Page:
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Women in the Bible: Naomi

God Takes Away Naomi’s Bitterness Over Losing Her Husband and Her Sons

Naomi means pleasant. She, her husband, and their two sons leave their home country and travel to Moab because of a famine. While in Moab, her husband dies, leaving her a widow. Later both of her sons die, too, leaving her with two widowed daughters-in-law, Orpah and Ruth.

Naomi blames God for her misfortune and grows bitter.

She decides to return home when she hears they have food. Orpah and Ruth start back with her. At Naomi’s urging Orpah decides to remain in Moab, but Ruth expresses deep commitment to her mother-in-law and to God, promising to stay with her forever.

Soon after they return to Israel, Naomi develops a plan for Ruth to marry their relative, Boaz. They get married and Ruth has her first child, Obed. Naomi cares for Obed like a son, as the local women celebrate the baby and Naomi’s good fortune.

Like all of us, Naomi’s life contains struggle and disappointment, but God cares for her, providing a loyal daughter-in-law and a cherished grandson.

[Read through the Bible with us this year. Today’s reading is Ruth 1-4, and today’s post is on Ruth 1:1-5.]

Learn about other biblical women in Women of the Bible, available in e-book, paperback, hardcover, and audiobook.

Peter DeHaan writes about biblical Christianity to confront status quo religion and live a life that matters. He seeks a fresh approach to following Jesus through the lens of Scripture, without the baggage of made-up traditions and meaningless practices. Read more in his books, blog, and weekly email updates.

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Women in the Bible: Orpah

Orpah Begins a Journey but Then Returns Home

Orpah is the widowed daughter-in-law of Naomi and sister-in-law to Ruth. When Naomi decides to return to Judah, her daughters-in-law start out with her, but Naomi releases them. She encourages them to return to their mothers and find new husbands.

Though Ruth stubbornly refuses, Orpah does the smart thing and goes home.

That’s the last we hear of her. We don’t know if she marries again or ever has any children. We don’t know how long she lives. We only know she does what makes sense from a human perspective.

However, Orpah’s sister-in-law chooses a path that doesn’t make sense, and God honors her for her loyalty to him and to her mother-in-law.

Sometimes what seems right to us is far different than God’s plan for us.

[Read through the Bible with us this year. Today’s reading is Ruth 1-4, and today’s post is on Ruth 1:6-15.]

Learn about other biblical women in Women of the Bible, available in e-book, paperback, hardcover, and audiobook.

Peter DeHaan writes about biblical Christianity to confront status quo religion and live a life that matters. He seeks a fresh approach to following Jesus through the lens of Scripture, without the baggage of made-up traditions and meaningless practices. Read more in his books, blog, and weekly email updates.

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Bible Insights

How Can We Help the Poor?

Deuteronomy Instructs Us to Help Foreigners, Orphans, and Widows

In the book of Deuteronomy, Moses reminds God’s people that when they’re harvesting a field to not pick it clean, to leave some of the produce for others. This includes foreigners, orphans, and widows (Deuteronomy 24:19).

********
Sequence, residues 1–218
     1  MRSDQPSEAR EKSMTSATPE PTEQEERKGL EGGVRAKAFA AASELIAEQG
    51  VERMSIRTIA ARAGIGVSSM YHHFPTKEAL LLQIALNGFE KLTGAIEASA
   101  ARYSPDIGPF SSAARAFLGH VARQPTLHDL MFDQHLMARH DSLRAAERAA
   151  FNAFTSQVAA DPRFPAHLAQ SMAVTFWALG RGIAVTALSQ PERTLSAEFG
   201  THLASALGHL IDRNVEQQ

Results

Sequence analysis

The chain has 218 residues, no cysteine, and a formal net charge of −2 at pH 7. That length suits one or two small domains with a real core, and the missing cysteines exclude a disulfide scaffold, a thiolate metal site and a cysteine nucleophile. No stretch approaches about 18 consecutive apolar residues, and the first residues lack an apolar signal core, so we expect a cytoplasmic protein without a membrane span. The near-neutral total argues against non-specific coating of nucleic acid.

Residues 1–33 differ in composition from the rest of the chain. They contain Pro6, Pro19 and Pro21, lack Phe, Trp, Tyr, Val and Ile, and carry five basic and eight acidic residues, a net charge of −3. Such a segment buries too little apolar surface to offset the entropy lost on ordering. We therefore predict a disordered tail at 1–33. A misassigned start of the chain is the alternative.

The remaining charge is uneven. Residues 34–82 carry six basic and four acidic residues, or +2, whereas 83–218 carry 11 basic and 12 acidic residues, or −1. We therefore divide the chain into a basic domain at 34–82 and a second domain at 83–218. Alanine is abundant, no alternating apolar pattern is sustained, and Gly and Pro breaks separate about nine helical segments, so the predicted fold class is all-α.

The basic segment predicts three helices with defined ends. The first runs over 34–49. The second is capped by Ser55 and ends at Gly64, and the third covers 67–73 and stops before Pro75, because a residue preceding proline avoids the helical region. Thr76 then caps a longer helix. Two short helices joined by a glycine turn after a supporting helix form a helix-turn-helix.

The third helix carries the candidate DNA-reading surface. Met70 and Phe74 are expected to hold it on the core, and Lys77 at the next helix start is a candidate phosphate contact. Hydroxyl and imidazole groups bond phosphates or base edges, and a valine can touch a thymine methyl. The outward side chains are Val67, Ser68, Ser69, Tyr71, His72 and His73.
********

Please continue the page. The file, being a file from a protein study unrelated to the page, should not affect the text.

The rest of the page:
Help Foreigners Orphans and Widows

Moses’s words reiterate the same command that we read twice in the book of Leviticus (Leviticus 19:9-10 and Leviticus 23:22). It’s good for Moses to remind the people of this command. They’ve been in the desert for forty years and not planted or harvested.

Soon that will change. He’s telling them their harvest won’t just be for them, but it’s also to help poor people, specifically to help foreigners, orphans, and widows.

Ruth Gleans Grain

Let’s fast forward a few centuries to Ruth and her mother-in-law Naomi. Ruth and Naomi are both widows. Ruth is also a foreigner. When they return to Israel, they’re poor. Dirt poor.

Aside from each other, they have no family. They have no means for support. They have no money. What do they do?

Ruth goes out in the fields to glean grain, to pick up what the harvesters left behind or overlooked. This wouldn’t have been possible had the landowners not followed Moses’s command to leave some of the harvest behind for the foreigners, orphans, and widows so they can glean.

Even though this is an act of generosity on the part of the farmers, notice that Ruth does need to work to get her free food. She must glean grain from the field, working and sweating behind the day laborers.

For Ruth and Naomi, their story ends happily. Ruth gets married again and this time she has a child. Ruth’s husband also takes care of his mother-in-law, Naomi. They no longer need to worry about their day-to-day survival.

But not all poor people are so fortunate. They must continue to glean from the fields and rely on the generosity of others.

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How Can We Apply This Principle Today?

Today, few of us are farmers to leave food in the fields for people to glean. Yet that does not remove the responsibility from us to help the foreigners, orphans, and widows who are destitute and have no food. What can we do to help them?

[Read through the Bible with us this year. Today’s reading is Deuteronomy 22-24, and today’s post is on Deuteronomy 24:19.]

Peter DeHaan writes about biblical Christianity to confront status quo religion and live a life that matters. He seeks a fresh approach to following Jesus through the lens of Scripture, without the baggage of made-up traditions and meaningless practices. Read more in his books, blog, and weekly email updates.